Research Article | Open Access
Tulay Avci, Muammer Elmas, "Milk and Blood Pharmacokinetics of Tylosin and Tilmicosin following Parenteral Administrations to Cows", The Scientific World Journal, vol. 2014, Article ID 869096, 6 pages, 2014. https://doi.org/10.1155/2014/869096
Milk and Blood Pharmacokinetics of Tylosin and Tilmicosin following Parenteral Administrations to Cows
The aim of this study is to determine the pharmacokinetics of tylosin and tilmicosin in serum and milk in healthy Holstein breed cows () and reevaluate the amount of residue in milk. Following the intramuscular administration of tylosin, the maximum concentrations () in serum and milk were found to be and µg/mL, the time required to reach the peak concentration () was found to be 2nd and 4th h, and elimination half-lives () were found to be and h, respectively. Following the subcutaneous administration of tilmicosin, the in serum and milk were found to be and µg/mL, the was found to be 1st and 8th h, and the were found to be and h, respectively. and rates, which are indicators for determining the rate of drugs that pass into milk, were, respectively, calculated as and for tylosin and and for tilmicosin. In conclusion, it may be stated that milk concentration of tylosin after parenteral administration is higher than expected like tilmicosin and needs more withdrawal period for milk than reported.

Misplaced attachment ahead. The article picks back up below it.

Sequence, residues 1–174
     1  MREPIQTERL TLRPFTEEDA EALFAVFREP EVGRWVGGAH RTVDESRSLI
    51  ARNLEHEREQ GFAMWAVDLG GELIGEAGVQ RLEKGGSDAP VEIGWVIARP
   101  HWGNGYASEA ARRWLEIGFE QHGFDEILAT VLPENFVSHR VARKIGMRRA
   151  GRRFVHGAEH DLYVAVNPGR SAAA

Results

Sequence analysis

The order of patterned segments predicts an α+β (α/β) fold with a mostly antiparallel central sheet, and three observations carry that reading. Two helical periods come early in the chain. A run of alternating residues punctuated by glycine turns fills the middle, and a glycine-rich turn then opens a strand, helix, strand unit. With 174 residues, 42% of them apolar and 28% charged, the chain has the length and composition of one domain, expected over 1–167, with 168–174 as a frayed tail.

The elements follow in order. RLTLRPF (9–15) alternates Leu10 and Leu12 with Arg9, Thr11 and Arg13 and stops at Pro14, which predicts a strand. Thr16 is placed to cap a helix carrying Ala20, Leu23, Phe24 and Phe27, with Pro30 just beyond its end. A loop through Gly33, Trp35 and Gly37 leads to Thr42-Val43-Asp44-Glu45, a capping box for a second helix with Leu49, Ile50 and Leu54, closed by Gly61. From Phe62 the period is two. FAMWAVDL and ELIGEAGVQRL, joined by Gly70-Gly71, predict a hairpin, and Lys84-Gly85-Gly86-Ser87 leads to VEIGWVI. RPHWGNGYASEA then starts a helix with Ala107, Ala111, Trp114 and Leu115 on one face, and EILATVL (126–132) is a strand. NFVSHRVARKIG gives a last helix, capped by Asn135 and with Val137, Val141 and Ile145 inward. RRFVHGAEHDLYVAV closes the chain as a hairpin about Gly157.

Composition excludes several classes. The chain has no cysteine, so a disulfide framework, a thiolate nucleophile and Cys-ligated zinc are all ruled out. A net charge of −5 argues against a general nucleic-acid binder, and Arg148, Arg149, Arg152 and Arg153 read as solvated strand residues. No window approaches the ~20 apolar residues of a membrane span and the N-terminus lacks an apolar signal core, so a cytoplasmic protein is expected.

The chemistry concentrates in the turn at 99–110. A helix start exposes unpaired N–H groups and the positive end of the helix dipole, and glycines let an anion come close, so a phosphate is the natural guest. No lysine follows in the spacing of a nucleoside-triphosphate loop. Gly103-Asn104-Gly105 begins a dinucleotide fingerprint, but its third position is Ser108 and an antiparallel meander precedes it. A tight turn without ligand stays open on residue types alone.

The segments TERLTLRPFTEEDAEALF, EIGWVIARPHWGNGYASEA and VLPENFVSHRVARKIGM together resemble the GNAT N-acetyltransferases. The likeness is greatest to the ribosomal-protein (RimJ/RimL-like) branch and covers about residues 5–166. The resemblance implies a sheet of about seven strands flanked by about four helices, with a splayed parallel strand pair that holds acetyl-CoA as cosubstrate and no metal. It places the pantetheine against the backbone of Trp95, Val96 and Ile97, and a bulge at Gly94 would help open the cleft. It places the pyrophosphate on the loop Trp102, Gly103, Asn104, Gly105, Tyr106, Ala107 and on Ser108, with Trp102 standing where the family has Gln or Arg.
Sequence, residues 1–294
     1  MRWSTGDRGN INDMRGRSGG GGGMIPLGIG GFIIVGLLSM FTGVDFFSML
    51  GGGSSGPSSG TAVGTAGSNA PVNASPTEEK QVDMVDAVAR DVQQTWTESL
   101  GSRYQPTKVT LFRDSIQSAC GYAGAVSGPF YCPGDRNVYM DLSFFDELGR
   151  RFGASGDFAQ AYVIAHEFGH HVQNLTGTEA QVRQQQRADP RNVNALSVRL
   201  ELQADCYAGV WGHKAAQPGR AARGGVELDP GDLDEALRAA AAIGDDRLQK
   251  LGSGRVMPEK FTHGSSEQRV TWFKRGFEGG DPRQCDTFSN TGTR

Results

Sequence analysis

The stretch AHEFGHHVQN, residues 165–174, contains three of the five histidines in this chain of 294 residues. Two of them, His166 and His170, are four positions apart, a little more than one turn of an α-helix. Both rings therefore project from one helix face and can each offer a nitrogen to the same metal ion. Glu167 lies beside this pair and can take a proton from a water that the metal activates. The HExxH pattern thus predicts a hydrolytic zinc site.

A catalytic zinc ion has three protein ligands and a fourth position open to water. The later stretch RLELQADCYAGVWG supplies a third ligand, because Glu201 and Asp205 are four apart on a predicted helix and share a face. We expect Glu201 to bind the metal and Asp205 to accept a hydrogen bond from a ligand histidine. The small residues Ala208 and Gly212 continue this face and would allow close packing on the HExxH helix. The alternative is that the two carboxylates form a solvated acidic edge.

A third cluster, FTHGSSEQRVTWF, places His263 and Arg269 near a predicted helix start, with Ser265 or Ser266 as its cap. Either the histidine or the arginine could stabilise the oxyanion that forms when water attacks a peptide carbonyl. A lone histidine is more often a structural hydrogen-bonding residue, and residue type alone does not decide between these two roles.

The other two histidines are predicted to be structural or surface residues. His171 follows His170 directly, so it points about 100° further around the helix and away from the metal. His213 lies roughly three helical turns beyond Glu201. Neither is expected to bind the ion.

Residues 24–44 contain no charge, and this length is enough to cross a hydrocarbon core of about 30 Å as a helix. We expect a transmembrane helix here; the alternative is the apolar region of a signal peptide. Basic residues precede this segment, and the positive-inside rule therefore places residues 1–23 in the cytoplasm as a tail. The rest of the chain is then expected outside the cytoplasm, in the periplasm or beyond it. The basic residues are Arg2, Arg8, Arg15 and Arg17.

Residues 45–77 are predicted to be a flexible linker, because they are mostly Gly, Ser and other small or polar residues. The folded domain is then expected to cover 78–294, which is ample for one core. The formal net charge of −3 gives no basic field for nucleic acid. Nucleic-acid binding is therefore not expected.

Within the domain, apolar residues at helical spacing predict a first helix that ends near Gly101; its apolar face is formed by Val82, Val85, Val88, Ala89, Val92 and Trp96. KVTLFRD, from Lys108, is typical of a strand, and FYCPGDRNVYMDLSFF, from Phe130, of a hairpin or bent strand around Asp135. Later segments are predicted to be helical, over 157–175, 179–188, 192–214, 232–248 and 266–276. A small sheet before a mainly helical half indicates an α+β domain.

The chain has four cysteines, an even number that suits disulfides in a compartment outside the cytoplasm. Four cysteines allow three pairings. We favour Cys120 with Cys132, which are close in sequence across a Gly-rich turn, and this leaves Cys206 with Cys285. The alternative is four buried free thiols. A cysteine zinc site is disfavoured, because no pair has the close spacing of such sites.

Tylosin (tylosin A) was first derived in 1960 by Mac Fuire from Streptomyces fradiae cultures. Tylosin exists in several forms, including the minor constituents desmycosin (tylosin B), macrocin (tylosin C), and relomycin (tylosin D), and is known for its metabolites lactenocin (tylosin L), 5-O-mycaminosyltylonolide (OMT), and demycinosyl-tylosin (DMT). Tylosin exerts bacteriostatic effect on Mycoplasma species and Gram-positive bacteria. It is well absorbed when administered by oral and parenteral routes and is eliminated from the body slowly. Tylosin binds to serum and milk proteins at rates of 25–47% and 15%, respectively [1, 2]. In most animal species, the half-life () of tylosin is 3-4 h and the volume of distribution () ranges between 1 and 7 L/kg. Tylosin passes readily into milk and its concentrations in milk may be five times higher than its plasma concentrations. Tylosin does not undergo major modification in the body and is excreted mainly in bile and milk and partly in urine . The unmodified form of tylosin passes into milk and eggs. As reported by the European Medicines Evaluation Agency (EMEA), the maximum residue limit (MRL) established for tylosin in cow’s milk is 50 μg/kg. The withdrawal periods for meat and milk, in the event of the parenteral administration of tylosin to cattle, sheep, and goats, are 28 days and 8 milkings, respectively.